Friday, October 17, 2008

Nonlinear Dynamics

Nonlinear dynamics is discussed in several chapters in the 4th Edition of Intermediate Physics for Medicine and Biology, and particularly in chapter 10. Where can you go to get a more information about this topic? Several fine books are cited in our references.

One book that Russ Hobbie cited in earlier editions of our text is
Nonlinear Dynamics and Chaos, by Steven Strogatz. Even though we still cite the book in the 4th edition, I was not really familiar with it until last year, when my daughter Stephanie used it in a class on nonlinear dynamics at the University of Michigan. She loved the book, and recommended it to me. In the preface, Strogatz writes
"This textbook is aimed at newcomers to nonlinear dynamics and chaos, especially students taking a first course in the subject. It is based on a one-semester course I've taught for the past several years at MIT. My goal is to explain the mathematics as clearly as possible, and to show how it can be used to understand some of the wonders of the nonlinear world....A unique feature of the book is its emphasis on applications. These include mechanical vibrations, lasers, biological rhythms, superconducting circuits, insect outbreaks, chemical oscillators, genetic control systems, chaotic waterwheels, and even a technique for using chaos to send secret messages. In each case, the scientific background is explained at an elementary level and closely integrated with the mathematical theory."
For anyone who reads Intermediate Physics for Medicine and Biology and wants to learn more about nonlinear dynamics, I recommend this delightful text. Strogatz, the Jacob Gould Schurman Professor of Applied Mathematics at Cornell University, was a collaborator and student of one of my heroes, the late Art Winfree. Art's book When Time Breaks Down had a tremendous influence on my early career. I have not yet read Strogatz's newest book Sync: How Order Emerges from Chaos in the Universe, Nature, and Daily Life, but reading it is on my list of things to do.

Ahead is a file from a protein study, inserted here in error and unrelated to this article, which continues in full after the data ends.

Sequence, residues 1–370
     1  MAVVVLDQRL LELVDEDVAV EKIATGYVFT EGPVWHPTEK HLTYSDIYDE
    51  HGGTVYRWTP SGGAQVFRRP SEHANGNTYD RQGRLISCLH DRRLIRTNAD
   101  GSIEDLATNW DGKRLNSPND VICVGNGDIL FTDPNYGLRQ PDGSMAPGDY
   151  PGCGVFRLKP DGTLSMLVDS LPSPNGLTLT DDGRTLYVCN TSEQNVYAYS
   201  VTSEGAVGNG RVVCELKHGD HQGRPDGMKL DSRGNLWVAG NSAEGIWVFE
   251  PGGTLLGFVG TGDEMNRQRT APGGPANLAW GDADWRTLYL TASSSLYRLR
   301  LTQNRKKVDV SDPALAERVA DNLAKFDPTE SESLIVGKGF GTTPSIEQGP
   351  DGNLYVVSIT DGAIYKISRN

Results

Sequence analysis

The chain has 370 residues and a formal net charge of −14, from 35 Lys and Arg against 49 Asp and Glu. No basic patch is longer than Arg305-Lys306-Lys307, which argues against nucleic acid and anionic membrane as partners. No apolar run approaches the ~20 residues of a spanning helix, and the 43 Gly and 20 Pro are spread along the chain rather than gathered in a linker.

A book that came out when I was working at the National Institutes of Health is Leon Glass and Michael Mackey's
From Clocks to Chaos. While this book may not present the math as elegantly as Strogatz's book, it does focus specifically on biological and medical problems. In particular, it introduces the idea of a "dynamical diseases": diseases characterized by abnormal temporal organization.

When explained well, nonlinear dynamics is a very visual subject. An older book that makes much use of pictures is Dynamics: The Geometry of Behavior by Abraham and Shaw. In fact it could be called a "picture book," but don't let that description fool you. The math is presented at a high level, but in a primarily visual way. It was a great help to me when I was first learning the subject.

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